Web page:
Now everyone is different, but these stimulants are highly-addictive, depressing, over-powered-drugs, and yet we supply them like candy to children and adults on a daily basis. However, I think this has led to much greater issues. Issues of depression, anxiety, and eventually suicidal tendencies. Did you know that 60% of ADHD adults suffer from at least 1 other mental health disorder or illness? Did you know also know that ADHD diagnoses have increased by at least 40% in the last 10 years? While I think there certainly is some over-diagnoses there and I can attest that some people are taking advantage of Adderall prescriptions, – which is a terrible issue – statistics show this is surely a growing issue in our country. Yet, it is never talked about. We assume this is a disorder that only affects children, yet at the same time, we know it is incurable and never goes away. It affects adults differently and I want to bring light to that. While I surely don’t involuntarily blurt out in class… I still shake in my seats with anxiety. I interrupt my friends when they speak, and I can see the frustrations in their faces. Not to mention, it has affected so many of my friendships and led me to lose several friends in my lifetime…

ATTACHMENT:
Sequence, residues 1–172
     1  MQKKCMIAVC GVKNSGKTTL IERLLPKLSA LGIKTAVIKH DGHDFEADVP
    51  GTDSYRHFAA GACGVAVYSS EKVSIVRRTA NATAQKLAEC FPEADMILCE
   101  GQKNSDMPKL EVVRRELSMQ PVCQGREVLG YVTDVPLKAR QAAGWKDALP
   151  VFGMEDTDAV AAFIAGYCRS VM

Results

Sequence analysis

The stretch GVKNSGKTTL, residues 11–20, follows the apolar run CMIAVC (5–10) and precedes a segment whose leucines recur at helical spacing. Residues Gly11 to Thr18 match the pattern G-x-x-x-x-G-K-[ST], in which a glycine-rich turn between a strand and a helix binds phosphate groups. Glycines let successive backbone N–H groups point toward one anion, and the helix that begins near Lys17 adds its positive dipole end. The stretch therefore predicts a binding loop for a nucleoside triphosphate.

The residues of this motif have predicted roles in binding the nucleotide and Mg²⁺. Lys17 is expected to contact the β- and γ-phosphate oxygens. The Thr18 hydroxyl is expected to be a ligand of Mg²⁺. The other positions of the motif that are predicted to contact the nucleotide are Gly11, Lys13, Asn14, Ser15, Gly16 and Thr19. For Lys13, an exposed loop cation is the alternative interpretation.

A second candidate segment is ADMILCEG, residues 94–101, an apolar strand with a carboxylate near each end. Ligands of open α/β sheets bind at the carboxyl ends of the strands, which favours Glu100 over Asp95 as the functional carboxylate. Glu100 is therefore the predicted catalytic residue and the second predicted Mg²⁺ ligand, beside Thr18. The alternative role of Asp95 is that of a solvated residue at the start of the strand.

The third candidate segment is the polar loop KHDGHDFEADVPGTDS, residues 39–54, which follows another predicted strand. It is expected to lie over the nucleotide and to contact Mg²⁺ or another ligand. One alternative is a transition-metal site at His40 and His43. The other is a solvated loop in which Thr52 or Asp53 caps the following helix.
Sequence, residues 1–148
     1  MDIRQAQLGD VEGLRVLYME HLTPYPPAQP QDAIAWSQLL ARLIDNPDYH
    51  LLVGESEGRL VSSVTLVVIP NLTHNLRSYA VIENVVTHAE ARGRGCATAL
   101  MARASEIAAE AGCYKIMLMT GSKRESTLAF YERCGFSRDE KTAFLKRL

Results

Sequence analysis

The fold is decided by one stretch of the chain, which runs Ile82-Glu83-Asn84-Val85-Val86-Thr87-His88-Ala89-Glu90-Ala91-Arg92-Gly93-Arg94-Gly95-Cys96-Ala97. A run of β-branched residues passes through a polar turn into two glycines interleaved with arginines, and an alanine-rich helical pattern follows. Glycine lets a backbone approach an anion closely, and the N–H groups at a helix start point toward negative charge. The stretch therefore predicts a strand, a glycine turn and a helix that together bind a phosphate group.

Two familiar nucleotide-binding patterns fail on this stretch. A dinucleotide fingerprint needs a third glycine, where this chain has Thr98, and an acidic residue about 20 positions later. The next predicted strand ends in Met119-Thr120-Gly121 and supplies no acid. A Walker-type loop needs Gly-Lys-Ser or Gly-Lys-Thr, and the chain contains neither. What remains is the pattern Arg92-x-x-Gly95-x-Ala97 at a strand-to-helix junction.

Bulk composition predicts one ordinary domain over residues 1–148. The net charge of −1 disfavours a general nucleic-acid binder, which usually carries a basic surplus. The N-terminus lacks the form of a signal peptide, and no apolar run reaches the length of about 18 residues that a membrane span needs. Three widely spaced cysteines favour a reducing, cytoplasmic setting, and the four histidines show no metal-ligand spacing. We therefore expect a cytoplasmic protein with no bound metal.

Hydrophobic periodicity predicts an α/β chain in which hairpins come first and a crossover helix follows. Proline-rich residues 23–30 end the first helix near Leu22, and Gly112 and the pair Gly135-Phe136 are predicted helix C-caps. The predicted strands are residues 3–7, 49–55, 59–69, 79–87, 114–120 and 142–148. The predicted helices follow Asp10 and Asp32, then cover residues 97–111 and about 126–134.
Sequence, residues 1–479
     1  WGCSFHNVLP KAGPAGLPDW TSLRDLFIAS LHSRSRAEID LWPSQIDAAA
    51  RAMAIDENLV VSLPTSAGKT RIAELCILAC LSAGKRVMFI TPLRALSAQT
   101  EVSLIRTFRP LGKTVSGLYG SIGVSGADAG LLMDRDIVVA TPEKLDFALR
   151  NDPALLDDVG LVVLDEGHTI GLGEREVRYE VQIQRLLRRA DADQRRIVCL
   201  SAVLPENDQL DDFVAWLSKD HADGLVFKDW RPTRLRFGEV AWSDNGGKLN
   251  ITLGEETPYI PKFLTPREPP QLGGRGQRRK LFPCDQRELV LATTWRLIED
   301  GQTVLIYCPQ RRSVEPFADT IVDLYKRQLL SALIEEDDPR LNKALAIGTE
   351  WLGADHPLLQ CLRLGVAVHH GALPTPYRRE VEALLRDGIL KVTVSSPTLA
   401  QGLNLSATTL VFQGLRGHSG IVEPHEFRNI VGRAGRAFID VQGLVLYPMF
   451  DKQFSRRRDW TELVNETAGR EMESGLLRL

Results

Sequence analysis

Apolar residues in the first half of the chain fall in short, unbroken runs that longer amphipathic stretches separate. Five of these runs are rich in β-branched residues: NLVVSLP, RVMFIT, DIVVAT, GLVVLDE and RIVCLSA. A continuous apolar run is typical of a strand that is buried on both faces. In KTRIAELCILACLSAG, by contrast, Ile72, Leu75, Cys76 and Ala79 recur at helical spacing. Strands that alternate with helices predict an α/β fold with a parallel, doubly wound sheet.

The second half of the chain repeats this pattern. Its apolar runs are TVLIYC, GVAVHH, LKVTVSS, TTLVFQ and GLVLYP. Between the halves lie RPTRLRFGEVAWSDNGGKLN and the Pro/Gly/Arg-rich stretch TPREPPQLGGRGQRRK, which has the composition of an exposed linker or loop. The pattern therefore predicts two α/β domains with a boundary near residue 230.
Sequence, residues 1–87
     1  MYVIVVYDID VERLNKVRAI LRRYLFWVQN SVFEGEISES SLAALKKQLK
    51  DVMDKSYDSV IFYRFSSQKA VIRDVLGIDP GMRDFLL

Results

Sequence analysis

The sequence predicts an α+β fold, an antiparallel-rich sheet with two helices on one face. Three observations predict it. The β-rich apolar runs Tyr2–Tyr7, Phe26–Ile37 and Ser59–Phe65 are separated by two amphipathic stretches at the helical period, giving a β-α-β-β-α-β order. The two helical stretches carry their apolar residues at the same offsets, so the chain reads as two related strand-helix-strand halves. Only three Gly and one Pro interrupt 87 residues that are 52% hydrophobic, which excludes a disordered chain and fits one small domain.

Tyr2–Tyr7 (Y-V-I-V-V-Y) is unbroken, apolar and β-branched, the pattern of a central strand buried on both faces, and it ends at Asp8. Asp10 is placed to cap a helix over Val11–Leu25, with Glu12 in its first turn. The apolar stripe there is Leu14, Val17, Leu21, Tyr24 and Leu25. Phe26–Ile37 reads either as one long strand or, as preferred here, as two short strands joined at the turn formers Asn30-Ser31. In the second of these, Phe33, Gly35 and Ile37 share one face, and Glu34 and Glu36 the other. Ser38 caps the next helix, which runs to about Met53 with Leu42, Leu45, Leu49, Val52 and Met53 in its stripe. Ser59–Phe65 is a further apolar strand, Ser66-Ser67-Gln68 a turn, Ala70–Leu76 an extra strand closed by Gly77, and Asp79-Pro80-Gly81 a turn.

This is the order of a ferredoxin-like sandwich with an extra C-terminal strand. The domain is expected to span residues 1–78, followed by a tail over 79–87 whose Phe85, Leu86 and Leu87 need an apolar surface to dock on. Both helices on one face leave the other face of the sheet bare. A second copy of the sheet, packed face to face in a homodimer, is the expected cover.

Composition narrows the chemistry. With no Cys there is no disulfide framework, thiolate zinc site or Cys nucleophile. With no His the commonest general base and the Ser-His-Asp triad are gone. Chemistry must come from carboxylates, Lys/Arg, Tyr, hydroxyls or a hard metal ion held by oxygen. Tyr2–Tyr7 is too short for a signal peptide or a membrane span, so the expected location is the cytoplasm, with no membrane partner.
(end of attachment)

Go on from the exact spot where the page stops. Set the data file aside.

ADHD as an adult is not so much a lack of focus. As a society we only address the attention deficit part, never the hyper-activity. Yet isn’t that the other half of ADHD? For me, it’s the constant 30 thoughts racing through your brain at once, especially when you try to focus on just one. For me, it’s the constantly cracking my knuckles in class or my neck, as a nervous habit. It’s the nervous ticks or the anger associated with my lack of courtesy. It’s the unnecessary anger with misreading or over-analyzing situations on a daily basis. It’s the firing away at texts at your friends without hesitation, then panicking because you feel people hate you. Every day, I beat myself up for interrupting people and over-riding conversations when I truly never mean to. Yet, at the end of the day, this has led to so many conflicts and losses of friendships and respect from people. Did you know the most commonly associated symptoms of ADHD are impulsivity and constant mood swings? Yet, no doctor tells you that.